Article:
Cell type-specific targeting with surface-engineered lentiviral vectors co-displaying OKT3 antibody and fusogenic molecule

Haiguang Yang, Kye Il Joo, Leslie Ziegler, Pin Wang

Research output: Contribution to journalArticlepeer-review

27 Scopus citations


Purpose: The purpose of this study was to investigate the potential of a T-cell-related targeting method using a lentiviral vector-based gene delivery system. Materials and Methods: A lentiviral vector system was constructed by co-incorporating an anti-CD3 antibody (OKT3) and a fusogen into individual viral particles. The incorporation of OKT3 and fusogen was analyzed using confocal microscopy and the in vitro transduction efficiency was evaluated using flow cytometry. Blocking reagents (ammonium chloride (NH4Cl) and soluble OKT3 antibody) were added into vector supernatants during transduction to study the mechanism of this two-molecule targeting strategy. To demonstrate the ability of targeted transduction in vivo, Jurkat.CD3 cells were xenografted subcutaneously into the right flank of each mouse and the lentiviral vector was injected subcutaneously on both sides of each mouse 8 h post-injection. Subsequently, the reporter gene (firefly luciferase) expression was monitored using a noninvasive bioluminescence imaging system. Results: By co-displaying OKT3 and fusogen on the single lentiviral surface, we could achieve targeted delivery of genes to CD3-positive T-cells both in vitro and in vivo. Conclusions: These results suggest the potential utility of this engineered lentiviral system as a new tool for cell type-directed gene delivery.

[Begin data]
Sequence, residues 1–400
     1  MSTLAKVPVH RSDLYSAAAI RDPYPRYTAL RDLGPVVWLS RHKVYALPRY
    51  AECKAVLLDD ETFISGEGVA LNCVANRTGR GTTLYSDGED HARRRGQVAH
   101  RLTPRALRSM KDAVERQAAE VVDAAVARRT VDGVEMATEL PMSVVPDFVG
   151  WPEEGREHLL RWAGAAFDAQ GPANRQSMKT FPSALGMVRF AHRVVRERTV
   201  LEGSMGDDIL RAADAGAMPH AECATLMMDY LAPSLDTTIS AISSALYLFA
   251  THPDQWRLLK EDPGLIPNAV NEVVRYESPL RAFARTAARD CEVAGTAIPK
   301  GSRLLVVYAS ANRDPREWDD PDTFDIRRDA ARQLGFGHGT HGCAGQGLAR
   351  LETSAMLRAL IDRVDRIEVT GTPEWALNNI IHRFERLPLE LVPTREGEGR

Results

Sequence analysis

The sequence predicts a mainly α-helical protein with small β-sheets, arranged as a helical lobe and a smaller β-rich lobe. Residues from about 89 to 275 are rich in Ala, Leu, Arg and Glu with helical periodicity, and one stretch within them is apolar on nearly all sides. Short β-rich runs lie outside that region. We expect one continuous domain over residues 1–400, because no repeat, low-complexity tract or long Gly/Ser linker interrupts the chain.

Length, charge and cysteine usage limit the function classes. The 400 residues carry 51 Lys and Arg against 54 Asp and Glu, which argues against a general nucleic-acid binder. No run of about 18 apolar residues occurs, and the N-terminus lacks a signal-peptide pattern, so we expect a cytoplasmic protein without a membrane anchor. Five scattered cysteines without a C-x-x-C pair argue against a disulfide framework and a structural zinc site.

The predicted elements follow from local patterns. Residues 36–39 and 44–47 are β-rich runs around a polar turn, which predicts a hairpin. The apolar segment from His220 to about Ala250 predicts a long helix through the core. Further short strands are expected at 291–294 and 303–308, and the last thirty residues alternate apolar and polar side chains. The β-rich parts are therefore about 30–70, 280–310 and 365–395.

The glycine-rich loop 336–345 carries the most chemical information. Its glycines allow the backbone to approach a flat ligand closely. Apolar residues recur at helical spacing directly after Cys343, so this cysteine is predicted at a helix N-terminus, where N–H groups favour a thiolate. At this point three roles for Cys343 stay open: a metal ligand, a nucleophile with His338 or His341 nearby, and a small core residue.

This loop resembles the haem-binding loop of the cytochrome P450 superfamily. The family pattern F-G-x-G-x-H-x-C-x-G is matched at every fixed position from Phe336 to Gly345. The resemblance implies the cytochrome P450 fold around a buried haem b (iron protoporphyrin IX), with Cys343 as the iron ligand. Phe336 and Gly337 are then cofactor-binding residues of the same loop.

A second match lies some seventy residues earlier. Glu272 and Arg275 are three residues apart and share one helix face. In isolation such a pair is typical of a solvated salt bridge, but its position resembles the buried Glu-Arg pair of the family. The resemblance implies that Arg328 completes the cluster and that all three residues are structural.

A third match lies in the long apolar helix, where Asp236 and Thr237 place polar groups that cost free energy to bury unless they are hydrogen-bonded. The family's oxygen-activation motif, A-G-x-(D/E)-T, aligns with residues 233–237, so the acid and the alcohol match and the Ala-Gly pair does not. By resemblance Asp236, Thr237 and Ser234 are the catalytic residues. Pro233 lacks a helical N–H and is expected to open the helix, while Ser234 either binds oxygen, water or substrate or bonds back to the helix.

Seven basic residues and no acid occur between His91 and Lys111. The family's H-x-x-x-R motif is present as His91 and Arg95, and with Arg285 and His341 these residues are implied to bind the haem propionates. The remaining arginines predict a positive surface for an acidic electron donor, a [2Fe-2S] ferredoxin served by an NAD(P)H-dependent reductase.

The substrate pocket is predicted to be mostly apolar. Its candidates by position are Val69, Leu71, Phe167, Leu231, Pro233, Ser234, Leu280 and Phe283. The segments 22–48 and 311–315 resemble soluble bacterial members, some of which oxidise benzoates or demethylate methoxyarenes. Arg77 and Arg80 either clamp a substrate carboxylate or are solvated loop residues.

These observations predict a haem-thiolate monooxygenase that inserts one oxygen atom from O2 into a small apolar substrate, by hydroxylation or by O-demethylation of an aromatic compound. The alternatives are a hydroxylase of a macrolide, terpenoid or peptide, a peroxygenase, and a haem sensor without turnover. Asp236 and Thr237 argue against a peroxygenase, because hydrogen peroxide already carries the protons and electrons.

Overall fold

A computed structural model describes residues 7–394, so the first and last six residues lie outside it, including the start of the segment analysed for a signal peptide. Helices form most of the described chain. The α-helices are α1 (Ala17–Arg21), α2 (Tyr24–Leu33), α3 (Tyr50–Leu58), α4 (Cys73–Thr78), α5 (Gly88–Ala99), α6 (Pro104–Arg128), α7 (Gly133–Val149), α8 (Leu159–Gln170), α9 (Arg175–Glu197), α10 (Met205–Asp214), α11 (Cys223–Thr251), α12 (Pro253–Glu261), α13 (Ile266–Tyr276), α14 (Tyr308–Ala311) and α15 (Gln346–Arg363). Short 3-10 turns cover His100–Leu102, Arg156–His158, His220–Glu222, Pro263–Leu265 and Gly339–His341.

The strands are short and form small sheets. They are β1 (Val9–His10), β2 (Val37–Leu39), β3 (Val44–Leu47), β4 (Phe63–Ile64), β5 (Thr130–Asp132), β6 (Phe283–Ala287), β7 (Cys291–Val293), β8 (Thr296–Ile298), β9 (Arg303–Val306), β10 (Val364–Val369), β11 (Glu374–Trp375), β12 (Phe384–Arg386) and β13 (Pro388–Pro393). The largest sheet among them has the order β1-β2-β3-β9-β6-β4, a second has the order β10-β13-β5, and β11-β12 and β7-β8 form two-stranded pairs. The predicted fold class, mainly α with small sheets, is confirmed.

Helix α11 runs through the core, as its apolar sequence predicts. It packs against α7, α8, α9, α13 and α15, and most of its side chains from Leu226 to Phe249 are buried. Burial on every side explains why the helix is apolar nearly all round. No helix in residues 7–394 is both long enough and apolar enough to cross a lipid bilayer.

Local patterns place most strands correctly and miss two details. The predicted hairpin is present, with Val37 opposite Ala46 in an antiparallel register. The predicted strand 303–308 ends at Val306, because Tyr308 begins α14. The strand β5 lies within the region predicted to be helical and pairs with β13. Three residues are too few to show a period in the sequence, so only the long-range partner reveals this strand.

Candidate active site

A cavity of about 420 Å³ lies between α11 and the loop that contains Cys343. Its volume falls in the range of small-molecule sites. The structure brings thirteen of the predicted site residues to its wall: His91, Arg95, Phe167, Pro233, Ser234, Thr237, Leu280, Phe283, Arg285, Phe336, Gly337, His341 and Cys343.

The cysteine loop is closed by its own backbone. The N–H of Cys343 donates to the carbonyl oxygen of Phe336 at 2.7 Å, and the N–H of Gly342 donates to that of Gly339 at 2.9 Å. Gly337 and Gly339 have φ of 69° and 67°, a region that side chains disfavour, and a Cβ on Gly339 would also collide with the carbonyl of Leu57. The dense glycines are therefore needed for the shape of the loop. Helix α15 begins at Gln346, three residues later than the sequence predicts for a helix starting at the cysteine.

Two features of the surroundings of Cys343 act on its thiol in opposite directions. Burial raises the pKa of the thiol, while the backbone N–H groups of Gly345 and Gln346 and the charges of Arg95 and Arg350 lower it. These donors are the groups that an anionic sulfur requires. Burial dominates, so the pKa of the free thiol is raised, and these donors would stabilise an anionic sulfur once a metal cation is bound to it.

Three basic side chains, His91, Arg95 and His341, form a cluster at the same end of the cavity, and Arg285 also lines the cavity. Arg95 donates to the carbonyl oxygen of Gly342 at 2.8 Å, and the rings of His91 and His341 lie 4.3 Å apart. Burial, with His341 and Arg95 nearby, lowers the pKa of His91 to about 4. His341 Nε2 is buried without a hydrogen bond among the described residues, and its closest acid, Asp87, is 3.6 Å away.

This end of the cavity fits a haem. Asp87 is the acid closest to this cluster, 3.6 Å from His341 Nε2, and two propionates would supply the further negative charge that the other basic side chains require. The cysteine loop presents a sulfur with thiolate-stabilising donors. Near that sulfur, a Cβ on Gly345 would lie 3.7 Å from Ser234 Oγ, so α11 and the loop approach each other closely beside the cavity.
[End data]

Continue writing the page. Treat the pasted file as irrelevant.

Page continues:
Original languageEnglish
Pages (from-to)1432-1445
Number of pages14
JournalPharmaceutical Research
Issue number6
StatePublished - Jun 2009

Bibliographical note

Funding Information:
We thank April Tai, Lili Yang and Steven Froelich for critical reading of the manuscript, and the USC Norris Center Cell and Tissue Imaging Core. This work was supported by a National Institute of Health grant. The following reagents was obtained through the AIDS Research and Reference Reagent Program, Division of AIDS, NIAID, NIH: Monoclonal Antibody to HIV-1 p24 (AG3.0) from Dr. Jonathan Allan.


  • CD3 antigen
  • Gene therapy
  • Lentiviral vectors
  • Targeted gene delivery


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